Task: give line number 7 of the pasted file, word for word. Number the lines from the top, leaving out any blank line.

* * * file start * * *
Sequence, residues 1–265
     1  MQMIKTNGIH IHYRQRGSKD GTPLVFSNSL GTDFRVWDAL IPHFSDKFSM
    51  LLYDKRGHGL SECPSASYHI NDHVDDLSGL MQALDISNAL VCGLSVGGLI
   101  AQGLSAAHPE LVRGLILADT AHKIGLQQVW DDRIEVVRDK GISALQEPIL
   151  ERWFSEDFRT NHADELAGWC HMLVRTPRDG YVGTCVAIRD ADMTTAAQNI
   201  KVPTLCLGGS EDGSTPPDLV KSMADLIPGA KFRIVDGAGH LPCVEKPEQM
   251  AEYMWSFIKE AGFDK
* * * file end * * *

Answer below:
   251  AEYMWSFIKE AGFDK